The Adventures of Huckleberry Finn

By Mark Twain | Go to book overview

CHAPTER XXXIII

SO I started for town in the wagon, and when I was half-way I see a wagon coming, and sure enough it was Tom Sawyer, and I stopped and waited till he come along. I says "Hold on!" and it stopped alongside, and his mouth opened up like a trunk, and stayed so; and he swallowed two or three times like a person that's got a dry throat, and then says:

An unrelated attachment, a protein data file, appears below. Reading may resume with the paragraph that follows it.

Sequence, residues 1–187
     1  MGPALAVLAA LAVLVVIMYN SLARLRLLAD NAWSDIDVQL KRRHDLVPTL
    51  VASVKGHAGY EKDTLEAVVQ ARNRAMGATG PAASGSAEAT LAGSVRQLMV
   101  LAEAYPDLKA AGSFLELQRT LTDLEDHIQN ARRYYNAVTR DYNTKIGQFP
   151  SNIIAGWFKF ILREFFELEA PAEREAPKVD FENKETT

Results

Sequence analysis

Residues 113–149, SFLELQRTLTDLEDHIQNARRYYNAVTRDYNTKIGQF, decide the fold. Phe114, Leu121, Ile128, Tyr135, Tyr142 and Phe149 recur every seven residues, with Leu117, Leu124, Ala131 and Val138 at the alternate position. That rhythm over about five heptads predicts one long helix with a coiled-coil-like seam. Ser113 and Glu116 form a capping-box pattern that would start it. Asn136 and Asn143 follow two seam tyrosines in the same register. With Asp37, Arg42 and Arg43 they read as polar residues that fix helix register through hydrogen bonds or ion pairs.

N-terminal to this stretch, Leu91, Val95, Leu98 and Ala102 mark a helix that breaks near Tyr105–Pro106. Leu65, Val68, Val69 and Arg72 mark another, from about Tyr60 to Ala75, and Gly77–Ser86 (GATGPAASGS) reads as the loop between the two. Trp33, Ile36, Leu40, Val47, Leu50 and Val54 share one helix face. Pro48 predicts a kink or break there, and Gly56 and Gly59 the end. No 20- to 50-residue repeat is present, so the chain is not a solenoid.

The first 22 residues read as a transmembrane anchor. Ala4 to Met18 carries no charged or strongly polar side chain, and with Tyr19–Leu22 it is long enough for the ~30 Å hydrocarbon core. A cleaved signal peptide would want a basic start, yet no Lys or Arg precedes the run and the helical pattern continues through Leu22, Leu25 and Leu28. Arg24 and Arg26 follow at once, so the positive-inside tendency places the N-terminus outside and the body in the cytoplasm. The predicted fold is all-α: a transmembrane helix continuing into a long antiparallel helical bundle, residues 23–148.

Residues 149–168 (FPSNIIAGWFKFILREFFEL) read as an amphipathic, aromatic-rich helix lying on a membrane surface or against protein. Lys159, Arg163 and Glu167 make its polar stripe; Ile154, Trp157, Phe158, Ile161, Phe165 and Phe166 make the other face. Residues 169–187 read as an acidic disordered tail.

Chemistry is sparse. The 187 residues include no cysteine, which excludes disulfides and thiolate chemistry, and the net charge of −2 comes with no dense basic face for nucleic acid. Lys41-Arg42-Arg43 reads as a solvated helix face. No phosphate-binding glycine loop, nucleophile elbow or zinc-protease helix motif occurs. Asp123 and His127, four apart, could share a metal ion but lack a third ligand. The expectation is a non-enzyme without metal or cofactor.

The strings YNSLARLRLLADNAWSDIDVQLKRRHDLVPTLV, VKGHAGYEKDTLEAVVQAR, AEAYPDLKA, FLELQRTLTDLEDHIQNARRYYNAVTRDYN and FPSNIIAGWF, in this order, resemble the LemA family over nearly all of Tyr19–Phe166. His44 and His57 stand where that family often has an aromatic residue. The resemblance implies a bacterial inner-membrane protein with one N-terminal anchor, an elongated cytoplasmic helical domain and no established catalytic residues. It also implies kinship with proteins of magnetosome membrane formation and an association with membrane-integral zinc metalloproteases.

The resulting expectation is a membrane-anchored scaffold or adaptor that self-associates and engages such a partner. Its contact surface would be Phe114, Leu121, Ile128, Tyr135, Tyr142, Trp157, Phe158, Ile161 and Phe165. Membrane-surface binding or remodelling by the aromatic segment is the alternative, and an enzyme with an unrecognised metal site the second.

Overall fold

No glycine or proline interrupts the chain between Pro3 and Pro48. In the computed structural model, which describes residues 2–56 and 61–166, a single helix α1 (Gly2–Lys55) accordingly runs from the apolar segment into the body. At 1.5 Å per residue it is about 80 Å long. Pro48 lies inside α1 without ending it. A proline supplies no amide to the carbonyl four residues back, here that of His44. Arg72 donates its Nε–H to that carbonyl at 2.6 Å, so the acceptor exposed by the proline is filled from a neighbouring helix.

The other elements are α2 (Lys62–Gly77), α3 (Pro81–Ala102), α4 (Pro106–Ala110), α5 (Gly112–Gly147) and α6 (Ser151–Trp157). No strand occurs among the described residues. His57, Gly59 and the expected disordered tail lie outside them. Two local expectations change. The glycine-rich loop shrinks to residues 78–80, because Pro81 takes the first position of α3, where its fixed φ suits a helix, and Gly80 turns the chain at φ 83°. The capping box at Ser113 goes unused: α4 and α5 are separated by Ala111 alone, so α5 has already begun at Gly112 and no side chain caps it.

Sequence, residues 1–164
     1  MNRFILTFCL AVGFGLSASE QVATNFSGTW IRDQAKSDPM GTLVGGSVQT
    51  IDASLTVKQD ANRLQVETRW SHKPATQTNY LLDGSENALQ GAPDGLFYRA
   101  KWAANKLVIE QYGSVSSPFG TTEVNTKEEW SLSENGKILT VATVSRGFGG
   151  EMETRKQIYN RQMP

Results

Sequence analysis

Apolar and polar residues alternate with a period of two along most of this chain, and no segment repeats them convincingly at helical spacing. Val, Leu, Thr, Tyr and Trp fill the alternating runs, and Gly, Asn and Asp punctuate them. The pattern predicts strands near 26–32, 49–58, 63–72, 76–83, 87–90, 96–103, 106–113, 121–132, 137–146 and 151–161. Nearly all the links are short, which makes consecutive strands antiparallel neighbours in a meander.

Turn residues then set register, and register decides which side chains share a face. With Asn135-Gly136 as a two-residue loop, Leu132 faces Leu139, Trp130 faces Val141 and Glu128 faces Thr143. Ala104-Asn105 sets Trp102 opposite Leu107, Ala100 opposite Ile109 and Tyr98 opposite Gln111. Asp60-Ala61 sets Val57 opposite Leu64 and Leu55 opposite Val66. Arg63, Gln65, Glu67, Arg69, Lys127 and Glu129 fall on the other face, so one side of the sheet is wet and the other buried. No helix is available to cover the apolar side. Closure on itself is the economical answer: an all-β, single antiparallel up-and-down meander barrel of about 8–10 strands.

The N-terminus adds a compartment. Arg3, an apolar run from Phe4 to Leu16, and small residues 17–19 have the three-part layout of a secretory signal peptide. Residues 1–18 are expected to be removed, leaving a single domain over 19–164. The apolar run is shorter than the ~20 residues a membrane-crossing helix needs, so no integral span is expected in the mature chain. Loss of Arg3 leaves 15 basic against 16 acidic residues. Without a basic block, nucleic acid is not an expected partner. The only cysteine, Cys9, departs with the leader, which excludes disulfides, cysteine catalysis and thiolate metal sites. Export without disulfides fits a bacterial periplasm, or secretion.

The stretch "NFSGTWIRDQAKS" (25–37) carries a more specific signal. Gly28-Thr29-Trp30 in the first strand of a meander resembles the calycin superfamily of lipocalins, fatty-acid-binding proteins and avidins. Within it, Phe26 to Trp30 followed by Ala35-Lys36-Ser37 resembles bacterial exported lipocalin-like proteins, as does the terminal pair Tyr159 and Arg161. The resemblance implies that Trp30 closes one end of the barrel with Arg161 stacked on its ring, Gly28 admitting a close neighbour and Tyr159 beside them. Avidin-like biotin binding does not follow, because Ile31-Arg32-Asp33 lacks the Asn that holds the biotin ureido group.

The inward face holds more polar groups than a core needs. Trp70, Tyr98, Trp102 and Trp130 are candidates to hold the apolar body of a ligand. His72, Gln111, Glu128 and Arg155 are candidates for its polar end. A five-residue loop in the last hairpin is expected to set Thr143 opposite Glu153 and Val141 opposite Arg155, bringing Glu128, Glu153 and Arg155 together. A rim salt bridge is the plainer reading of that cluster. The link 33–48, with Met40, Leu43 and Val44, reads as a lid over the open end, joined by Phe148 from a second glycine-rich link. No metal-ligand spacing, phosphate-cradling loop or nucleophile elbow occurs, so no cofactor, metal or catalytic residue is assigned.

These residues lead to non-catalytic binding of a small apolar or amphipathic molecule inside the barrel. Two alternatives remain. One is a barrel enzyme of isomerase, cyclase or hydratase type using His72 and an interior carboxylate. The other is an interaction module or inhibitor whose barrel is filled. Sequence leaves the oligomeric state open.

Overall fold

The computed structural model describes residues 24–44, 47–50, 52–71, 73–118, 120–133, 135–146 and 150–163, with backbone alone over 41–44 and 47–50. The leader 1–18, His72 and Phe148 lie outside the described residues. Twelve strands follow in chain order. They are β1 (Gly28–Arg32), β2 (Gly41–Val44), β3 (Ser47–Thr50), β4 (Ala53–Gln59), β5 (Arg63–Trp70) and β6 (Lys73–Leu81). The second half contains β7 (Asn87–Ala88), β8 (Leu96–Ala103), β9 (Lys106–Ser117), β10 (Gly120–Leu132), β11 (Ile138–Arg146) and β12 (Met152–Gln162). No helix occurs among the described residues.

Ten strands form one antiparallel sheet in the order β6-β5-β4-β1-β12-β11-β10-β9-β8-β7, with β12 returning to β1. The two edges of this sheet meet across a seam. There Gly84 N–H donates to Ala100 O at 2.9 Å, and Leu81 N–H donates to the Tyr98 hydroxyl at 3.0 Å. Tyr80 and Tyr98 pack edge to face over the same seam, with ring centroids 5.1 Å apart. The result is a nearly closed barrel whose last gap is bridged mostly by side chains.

"I hain't ever done you no harm. You know that. So, then, what you want to come back and ha'nt me for?"

I says:

"I hain't come back--I hain't been gone."

When he heard my voice it righted him up some, but he warn't quite satisfied yet. He says:

"Don't you play nothing on me, because I wouldn't on you. Honest injun, you ain't a ghost?"

"Honest injun, I ain't," I says.

"Well--I--I--well, that ought to settle it, of course; but I can't somehow seem to understand it no way. Looky here, warn't you ever murdered at all?"

"No. I warn't ever murdered at all--I played it on them. You come in here and feel of me if you don't believe me."

So he done it: and it satisfied him; and he was

-312-

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